I made my way to the local Super Target, grabbed 3 different pairs of pants of varying sizes (I did count correctly – things were looking up), and headed to the dressing room. Even if there’s a lock on the door, I have a constant fear of being walked-in on, like someone will pick the lock because they’re certain nobody’s in there. This has never actually happened to me, but that doesn’t mean I can’t worry about it; it’s is a free country.
I quickly tried on all three pairs of pants. I bet I looked like a contestant on Double Dare trying to get through the obstacle course in time. One after the other – none of them fit. They were too small. After removing and individually cursing each pair, I gathered my things and left the dressing room. As instructed by the attendant (is that the right word for that job?), I left the unwanted and now cursed pants on a giant pile for someone else to put back (that always bothers me, I feel like I’m shirking my responsibility to put things back where they belong).
This is when a rational person would then get some larger sizes to go back and try on. No. I don’t go back in to dressing rooms after I’ve gone once. I take the information I gathered from the first trip – “those pants were too small for me” – and jump to conclusions – “the next size up is obviously the correct choice.” I went to the pants what were the least tightest and bought the next size up, being so thankful that I’m smart enough to outwit a second trip to try pants on.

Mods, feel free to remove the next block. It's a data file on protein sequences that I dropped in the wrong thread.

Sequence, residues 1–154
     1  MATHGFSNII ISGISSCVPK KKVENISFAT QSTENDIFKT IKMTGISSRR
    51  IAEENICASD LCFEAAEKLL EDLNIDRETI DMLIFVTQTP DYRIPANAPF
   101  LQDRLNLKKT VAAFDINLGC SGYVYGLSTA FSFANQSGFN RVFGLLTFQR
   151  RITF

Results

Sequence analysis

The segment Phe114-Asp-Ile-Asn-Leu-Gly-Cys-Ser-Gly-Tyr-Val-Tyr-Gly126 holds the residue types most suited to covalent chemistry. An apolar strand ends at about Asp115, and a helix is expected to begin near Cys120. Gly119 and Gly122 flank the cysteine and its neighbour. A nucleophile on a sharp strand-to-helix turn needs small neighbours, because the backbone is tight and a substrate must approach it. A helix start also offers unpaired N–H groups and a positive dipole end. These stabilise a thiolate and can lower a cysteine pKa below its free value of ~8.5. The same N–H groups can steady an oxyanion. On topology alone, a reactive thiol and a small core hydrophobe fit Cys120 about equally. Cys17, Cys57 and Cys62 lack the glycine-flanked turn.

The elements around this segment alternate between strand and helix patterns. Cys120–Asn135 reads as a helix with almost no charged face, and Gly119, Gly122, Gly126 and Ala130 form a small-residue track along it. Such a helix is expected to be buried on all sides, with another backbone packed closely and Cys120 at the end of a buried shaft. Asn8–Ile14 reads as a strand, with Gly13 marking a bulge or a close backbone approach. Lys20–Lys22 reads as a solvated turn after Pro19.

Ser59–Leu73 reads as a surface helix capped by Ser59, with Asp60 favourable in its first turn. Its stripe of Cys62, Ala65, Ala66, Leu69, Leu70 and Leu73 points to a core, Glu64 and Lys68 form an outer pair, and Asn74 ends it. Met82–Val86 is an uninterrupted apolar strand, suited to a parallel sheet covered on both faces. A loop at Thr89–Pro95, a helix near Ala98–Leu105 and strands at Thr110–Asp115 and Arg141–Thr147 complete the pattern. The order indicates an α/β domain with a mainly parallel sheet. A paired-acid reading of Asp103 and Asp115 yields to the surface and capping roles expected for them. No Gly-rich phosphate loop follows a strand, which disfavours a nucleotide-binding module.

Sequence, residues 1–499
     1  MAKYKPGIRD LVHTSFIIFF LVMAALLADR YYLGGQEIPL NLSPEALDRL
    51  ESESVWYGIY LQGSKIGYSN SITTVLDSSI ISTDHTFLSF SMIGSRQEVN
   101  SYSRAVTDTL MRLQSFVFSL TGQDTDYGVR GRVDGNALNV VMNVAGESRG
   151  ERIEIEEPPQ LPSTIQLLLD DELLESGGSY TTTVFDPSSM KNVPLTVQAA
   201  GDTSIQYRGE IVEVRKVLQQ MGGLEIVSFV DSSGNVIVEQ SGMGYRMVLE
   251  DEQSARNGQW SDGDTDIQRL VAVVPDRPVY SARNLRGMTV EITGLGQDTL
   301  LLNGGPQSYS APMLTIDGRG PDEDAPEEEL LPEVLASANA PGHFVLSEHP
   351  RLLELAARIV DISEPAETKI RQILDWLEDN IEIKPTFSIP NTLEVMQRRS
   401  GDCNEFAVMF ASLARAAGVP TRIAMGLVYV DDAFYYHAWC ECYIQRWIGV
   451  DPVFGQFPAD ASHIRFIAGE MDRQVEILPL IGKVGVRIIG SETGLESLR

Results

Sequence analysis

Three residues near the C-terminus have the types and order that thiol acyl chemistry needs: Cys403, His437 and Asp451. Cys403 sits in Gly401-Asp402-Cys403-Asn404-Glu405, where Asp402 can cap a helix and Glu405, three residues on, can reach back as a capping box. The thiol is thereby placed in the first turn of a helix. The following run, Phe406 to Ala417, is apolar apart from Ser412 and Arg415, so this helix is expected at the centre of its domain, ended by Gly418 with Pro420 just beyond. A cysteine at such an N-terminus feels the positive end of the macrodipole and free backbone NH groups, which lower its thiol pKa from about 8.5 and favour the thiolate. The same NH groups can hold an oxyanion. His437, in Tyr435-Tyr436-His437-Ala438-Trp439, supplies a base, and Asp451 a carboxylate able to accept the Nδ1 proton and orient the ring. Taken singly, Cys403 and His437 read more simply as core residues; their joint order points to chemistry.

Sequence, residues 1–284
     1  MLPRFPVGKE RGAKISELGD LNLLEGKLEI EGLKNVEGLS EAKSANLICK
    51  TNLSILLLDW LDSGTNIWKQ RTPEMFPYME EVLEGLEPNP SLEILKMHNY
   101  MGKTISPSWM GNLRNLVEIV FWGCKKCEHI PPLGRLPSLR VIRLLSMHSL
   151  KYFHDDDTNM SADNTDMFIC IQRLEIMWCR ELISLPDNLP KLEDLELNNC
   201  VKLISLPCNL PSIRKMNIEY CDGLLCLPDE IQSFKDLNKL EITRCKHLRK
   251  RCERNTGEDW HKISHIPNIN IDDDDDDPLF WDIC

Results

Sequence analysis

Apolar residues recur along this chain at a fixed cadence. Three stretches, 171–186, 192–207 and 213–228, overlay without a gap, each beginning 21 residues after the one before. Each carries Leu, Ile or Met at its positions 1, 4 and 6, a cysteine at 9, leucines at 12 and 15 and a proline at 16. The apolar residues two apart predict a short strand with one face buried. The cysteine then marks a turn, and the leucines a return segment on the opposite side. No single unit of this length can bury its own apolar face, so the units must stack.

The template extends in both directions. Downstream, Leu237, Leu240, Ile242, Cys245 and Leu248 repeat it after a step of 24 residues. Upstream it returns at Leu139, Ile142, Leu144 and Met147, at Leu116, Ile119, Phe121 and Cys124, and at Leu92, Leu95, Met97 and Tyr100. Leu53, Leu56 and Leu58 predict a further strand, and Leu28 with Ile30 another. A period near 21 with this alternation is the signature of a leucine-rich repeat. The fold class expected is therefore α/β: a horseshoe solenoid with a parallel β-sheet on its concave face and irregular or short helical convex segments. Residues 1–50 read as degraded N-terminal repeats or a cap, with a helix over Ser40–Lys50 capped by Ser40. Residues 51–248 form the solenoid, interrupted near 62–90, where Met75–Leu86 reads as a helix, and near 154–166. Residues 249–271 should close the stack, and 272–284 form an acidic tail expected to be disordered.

The next morning I woke up and grabbed my new pair of pants and I swear I heard my formerly sole pair of pants, a crumpled, broken heap in the corner of the room, crying tears of joy.
The new pants are too big. Did I return them and resign myself to another voyage to the fitting room? I think we all know the answer to that. No, they’re not so big that I can’t wear them. I just need a belt. If the belt were a tied rope, yes, I would look like a hobo. But, I would rather look like an overweight hobo who still somehow manages to have pants that are too big than take my clothes off at a place other than my own home for the second time in a week.
Life is about growing, learning lessons that help you improve yourself. With age comes wisdom and all that jazz. What lesson did I learn from The Ballad of Buying a Second Pair of Pants? Fuck lessons.
This post was in response to Studio30 Plus‘ writing prompts this week.
Last Monday my mom came down with a nasty GI bug. Then, the next day, Tom got sick. We’re pretty sure they both got it from my 3 year old niece.
During those few days I was magically unscathed, I took care of them figuring I’d get sick Wednesday or Thursday. I even tweeted about it.
I’m Florence Nightingale over here with a sick mom and husband (if Florence was like, “if you need anything, text me.”)
— Carrie Williford (@cannibal_nerd) June 12, 2012
I keep hoping that helping out two sick people will bring the reward of not getting sick but I’ve seen Contagion and know better.
— Carrie Williford (@cannibal_nerd) June 12, 2012
But then Wednesday came and went. Then Thursday, and Friday, and Saturday. “Holy fucking shit,” I thought to myself, “maybe I’ll actually be spared.” And that is what the germs were waiting for. They don’t just make you sick, they are sick.